Philharmonia Orchestra/Paavo Järvi – Haydn 85 & Sibelius 1 – Lisa Batiashvili plays Brahms

Symphony No.85 in B flat (La reine)
Violin Concerto in D, Op.77
Symphony No.1 in E minor, Op.39

Lisa Batiashvili (violin)

Philharmonia Orchestra
Paavo Järvi

Reviewed by: Colin Anderson

Reviewed: 4 April, 2013
Venue: Southbank Centre, London – Royal Festival Hall

Lisa Batiashvili. photo: www.lisabatiashvili.comThe set of ‘Paris’ Symphonies (82 to 87) is among Haydn’s finest achievements. If No.85 is not the most consistently inspired of them, it is certainly full of adorable invention and witty surprises. The queen nicknamed is Marie Antoinette: “La Reine de France” was engraved into the first publication of the score, perhaps an indication that she attended the Paris premiere. Paavo Järvi conducted a stylish and affectionate performance, aware of the music’s largesse, and enjoying its contrasts of moods and dynamics. The spring of the second movement was infectious and enjoyed a fluttering flute obbligato from Samuel Coles, while the Minuet, also marked Allegretto, was stealthy if still danceable, the Trio delightfully rustic and humorous … now, maestro Järvi, that’s what I call a pause! The finale, here an eager beaver, had plenty of spirit and played with admirable poise and togetherness; just as it appears we’re having an exposition repeat we find that we are in the rough and tumble of the development section; nothing parsimonious from Järvi, that was ‘Papa’ Haydn’s intention, always one step and a new idea ahead.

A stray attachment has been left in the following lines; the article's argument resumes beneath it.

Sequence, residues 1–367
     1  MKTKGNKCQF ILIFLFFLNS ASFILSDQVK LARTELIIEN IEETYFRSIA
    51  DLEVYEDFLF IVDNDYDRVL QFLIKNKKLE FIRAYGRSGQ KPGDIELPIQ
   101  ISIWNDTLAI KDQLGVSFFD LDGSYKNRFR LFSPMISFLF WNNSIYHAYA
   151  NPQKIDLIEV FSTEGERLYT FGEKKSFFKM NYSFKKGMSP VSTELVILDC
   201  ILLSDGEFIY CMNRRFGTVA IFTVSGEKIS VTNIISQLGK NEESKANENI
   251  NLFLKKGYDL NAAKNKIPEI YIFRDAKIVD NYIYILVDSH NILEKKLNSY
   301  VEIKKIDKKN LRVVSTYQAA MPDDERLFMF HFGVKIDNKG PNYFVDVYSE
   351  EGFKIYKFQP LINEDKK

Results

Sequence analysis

Paavo Järvi. photo: © Mark LyonsBrahms’s Violin Concerto has been doing the London rounds in recent weeks, from Nikolaj Znaider and Joshua Bell. This version with Lisa Batiashvili, attentively and warmly accompanied, was wholly inspiring. From her first entry Batiashvili was commanding, giving a generous and confiding account, as shapely as it was virtuosic, with rich unforced tone. Anyone expecting from the programme note, or only knowing, Joachim’s ‘standard’ first-movement cadenza (the Concerto was written for him) will have been taken aback by Batiashvili’s choice of Busoni’s somewhat ‘left field’ alternative, heralded and sustained by timpani and then with cellos, second violins (here to Järvi’s right) and firsts entering near its close to return us to Brahms’s score. It was good to hear a different cadenza (there are others written for the Brahms, not least a splendid one by Max Reger), although the Philharmonia might recall Gidon Kremer also bringing along the Busoni some years ago, when Dohnányi conducted. The slow movement, opened by Gordon Hunt’s mellifluous oboe solo, was a stream of consciousness from Batiashvili, ending raptly, and the finale was festive and foot-tapping.

The first of Sibelius’s seven symphonies is his most Slavic. Järvi’s conducting of it was uneven. He allowed or even encouraged the trumpets, trombones and tuba to be too loud, lacerating the ears and disfiguring tuttis, and Andrew Smith’s timpani playing, while typically accurate and rightly emphatic at times, was less appropriate elsewhere and bordered on the crude, as did some of the cymbal clashes. Still, the buck stops with any conductor and, in the scherzo’s outer sections, he alone was responsible for a tempo that was so speedy that it made the music gabbled, harried and ill-defined, however valiant the Philharmonia’s response. Otherwise, it was impressive, opening with Mark van de Wiel’s darkly foreboding yet alluring clarinet solo. Volume levels aside, Järvi conjured an impassioned and vivid performance, full of narrative power, which carried best the rather ramshackle ‘fantasia’ finale, from demonic drive to rapturous melody. The very end though, a sudden fade to nothing, was slack, but so was the conductor’s gesture.

Leave a Reply

Your email address will not be published. Required fields are marked *

Skip to content